BAGHDAD, Iraq – The U.S. military said Sunday it has ordered a criminal investigation into the June death of the 21-year-old cousin of Iraq's ambassador to the United Nations, who alleged that U.S. Marines killed his unarmed relative in cold blood during a raid in western Iraq.
Following a preliminary investigation, the case involving the death of Mohammed al-Sumaidaie has been referred to the Naval Criminal Investigative Service, or NCIS, for further investigation, the military said in a statement.
The NCIS is responsible for investigating alleged felony criminal offenses against people within the Department of the Navy, which includes the Marine Corps.
"At the conclusion of the investigation, a report will be provided to the command for review and further action as appropriate," the statement added.
Al-Sumaidaie was "killed during a search of his family's home near Haditha on June 25, 2005," the statement said.
Iraq's ambassador to the United Nations, Samir al-Sumaidaie (search), had demanded an investigation into his young cousin's death and punishment for the perpetrators. Mohammed al-Sumaidaie was an engineering student at the University of Technology in Baghdad.
In an e-mail to friends obtained by The Associated Press, the ambassador said his cousin was killed after he escorted Marines to a bedroom to show them where a rifle that had no live ammunition was kept.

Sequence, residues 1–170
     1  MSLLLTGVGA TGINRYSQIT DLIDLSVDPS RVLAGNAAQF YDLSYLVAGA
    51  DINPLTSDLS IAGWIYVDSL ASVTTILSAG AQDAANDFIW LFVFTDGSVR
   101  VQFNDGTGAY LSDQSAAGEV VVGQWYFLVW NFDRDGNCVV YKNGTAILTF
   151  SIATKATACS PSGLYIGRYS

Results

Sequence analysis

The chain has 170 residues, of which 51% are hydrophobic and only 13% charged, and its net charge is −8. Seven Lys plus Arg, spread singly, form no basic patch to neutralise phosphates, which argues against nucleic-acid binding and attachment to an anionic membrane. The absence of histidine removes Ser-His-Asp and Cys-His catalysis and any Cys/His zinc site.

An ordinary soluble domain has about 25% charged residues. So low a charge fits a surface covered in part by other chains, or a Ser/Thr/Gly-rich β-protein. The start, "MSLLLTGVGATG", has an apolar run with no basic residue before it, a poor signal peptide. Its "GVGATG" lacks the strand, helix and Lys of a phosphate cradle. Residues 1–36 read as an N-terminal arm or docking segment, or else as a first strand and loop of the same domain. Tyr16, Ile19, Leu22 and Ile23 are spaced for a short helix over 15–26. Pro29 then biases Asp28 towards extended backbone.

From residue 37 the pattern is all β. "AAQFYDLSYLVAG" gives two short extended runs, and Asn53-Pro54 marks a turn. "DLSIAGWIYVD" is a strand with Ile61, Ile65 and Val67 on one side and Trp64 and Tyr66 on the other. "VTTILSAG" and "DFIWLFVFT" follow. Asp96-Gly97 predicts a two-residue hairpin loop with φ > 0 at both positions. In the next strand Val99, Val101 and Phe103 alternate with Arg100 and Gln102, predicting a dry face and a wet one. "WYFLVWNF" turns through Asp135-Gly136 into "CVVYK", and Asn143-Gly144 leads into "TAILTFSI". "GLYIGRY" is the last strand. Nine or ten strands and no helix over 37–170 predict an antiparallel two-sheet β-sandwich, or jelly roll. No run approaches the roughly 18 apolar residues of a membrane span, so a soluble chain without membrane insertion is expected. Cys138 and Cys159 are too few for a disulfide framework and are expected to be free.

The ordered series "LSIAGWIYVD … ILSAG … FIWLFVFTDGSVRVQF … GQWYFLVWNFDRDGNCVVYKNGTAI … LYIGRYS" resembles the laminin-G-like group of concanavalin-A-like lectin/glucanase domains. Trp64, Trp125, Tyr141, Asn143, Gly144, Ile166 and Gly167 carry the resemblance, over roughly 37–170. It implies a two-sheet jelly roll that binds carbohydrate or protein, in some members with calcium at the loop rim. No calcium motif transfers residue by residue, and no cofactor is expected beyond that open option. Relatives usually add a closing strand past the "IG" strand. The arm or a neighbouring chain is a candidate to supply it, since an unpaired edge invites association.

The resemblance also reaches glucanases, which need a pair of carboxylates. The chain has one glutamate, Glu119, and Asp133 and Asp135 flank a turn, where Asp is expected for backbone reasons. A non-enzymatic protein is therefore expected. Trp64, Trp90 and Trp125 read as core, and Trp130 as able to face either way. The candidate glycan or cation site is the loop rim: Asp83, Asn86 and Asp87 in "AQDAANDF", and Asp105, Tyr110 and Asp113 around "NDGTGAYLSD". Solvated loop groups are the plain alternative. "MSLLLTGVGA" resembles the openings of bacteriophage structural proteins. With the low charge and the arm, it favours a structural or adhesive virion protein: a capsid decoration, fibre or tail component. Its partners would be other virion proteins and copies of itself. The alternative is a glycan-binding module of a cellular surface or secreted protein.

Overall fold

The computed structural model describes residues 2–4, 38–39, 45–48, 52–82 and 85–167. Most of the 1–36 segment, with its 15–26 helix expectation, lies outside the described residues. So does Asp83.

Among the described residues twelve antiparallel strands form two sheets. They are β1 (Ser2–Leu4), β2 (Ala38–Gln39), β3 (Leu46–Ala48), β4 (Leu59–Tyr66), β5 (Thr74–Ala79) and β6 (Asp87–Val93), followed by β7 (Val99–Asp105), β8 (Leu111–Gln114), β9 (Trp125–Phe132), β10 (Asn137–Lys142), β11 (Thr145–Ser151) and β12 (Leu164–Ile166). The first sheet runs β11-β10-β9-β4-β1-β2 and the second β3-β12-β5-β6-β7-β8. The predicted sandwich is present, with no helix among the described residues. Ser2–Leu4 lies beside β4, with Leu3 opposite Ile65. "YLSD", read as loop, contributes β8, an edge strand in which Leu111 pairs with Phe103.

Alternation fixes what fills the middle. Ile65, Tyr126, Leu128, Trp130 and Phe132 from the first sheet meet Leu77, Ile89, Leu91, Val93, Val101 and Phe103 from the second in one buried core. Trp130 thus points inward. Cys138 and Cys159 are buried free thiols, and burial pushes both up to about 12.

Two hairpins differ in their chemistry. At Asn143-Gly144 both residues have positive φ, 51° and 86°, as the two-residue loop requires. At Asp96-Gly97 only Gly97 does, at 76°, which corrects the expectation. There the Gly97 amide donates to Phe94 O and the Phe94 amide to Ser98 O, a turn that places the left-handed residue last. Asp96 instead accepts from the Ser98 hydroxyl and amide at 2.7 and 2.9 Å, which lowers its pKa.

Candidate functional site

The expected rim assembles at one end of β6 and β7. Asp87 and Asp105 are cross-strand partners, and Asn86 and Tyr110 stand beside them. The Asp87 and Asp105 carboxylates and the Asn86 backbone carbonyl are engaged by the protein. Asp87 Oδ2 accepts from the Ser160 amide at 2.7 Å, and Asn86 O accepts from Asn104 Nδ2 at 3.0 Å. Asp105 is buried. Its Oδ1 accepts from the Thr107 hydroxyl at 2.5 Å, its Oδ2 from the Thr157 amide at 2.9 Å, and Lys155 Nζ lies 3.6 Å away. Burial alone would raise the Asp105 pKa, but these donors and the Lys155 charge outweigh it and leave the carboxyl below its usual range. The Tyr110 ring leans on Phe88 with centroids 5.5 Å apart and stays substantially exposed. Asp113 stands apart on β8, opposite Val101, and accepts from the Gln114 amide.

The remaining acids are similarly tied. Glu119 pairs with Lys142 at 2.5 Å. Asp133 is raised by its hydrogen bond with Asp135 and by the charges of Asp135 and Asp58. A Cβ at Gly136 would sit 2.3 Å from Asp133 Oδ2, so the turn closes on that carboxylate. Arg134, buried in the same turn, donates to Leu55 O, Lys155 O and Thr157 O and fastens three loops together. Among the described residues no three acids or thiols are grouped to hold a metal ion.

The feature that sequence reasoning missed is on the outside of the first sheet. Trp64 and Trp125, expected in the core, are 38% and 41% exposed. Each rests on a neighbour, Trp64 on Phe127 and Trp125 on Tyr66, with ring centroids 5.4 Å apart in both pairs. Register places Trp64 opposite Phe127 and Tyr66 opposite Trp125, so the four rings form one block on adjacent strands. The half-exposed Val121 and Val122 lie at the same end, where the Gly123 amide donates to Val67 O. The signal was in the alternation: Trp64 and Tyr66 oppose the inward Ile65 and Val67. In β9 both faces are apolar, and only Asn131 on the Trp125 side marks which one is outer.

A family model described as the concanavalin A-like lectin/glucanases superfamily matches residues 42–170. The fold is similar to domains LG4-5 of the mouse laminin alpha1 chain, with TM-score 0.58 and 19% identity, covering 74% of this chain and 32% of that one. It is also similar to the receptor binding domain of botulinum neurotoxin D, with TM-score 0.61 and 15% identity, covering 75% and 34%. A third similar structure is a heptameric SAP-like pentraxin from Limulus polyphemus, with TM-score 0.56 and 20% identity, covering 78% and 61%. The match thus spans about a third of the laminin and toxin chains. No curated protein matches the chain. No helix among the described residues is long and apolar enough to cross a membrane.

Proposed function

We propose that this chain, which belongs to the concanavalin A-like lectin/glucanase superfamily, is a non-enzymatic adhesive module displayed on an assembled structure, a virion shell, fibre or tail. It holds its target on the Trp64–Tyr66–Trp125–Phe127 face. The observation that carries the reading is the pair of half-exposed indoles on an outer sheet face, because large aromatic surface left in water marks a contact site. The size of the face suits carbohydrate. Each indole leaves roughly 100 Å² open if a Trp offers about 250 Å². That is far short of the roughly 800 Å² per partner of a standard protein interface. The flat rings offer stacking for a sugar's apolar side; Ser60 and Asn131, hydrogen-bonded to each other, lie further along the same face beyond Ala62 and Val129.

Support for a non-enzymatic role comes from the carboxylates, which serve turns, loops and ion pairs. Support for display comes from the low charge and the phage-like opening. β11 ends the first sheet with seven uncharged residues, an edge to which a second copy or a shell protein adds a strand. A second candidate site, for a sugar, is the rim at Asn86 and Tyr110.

When the Marines left, he was found in the bedroom with a bullet in his neck, the ambassador said.
The ambassador said the killing represented "a betrayal" of the values and aspirations of Iraqis and Americans to defeat the terrorists and build a country based on freedom, democracy and respect for human rights and the rule of law.
"It is a betrayal of the American people who are making huge sacrifices to bring this about, and a betrayal of Iraq and all Iraqi patriots who have put their trust in the United States," he said.
Iraqis often make allegations of mistreatment by U.S. troops during raids, and Haditha, 140 miles northwest of Baghdad, is a center of insurgent activity in Anbar province. Some troops have been court-martialed or are facing charges for misconduct.
However, few cases have drawn as much attention as the case of the younger al-Sumaidaie because of the ambassador's position. He was a former interior minister and served on the Iraqi Governing Council (search), which shared administrative responsibility with the U.S.-led coalition before sovereignty was transferred to the Iraqis in June 2004.
According to the ambassador, his cousin greeted the group of about 10 Marines and an interpreter who appeared to be Egyptian.
The Marines asked if there were any weapons, and Mohammed said there was a rifle, which only had blanks, the ambassador wrote. He then led some of the Marines into his father's bedroom where it was kept, al-Sumaidaie wrote.
A short time later, the young man's mother, brothers and sisters who were kept in the living room heard a thud, the ambassador said. Later a younger brother, Ali, was dragged by the hair into the corridor by a Marine and beaten. The mother started sobbing.
A Marine then went out and returned with a camera and went into the bedroom. After a while, the family went outside and waited on the porch as they were ordered, the ambassador said.
More than an hour later, as the soldiers were leaving, the interpreter asked the mother in Arabic if that was her son inside. When she replied "yes," the interpreter said, "they killed him," al-Sumaidaie said.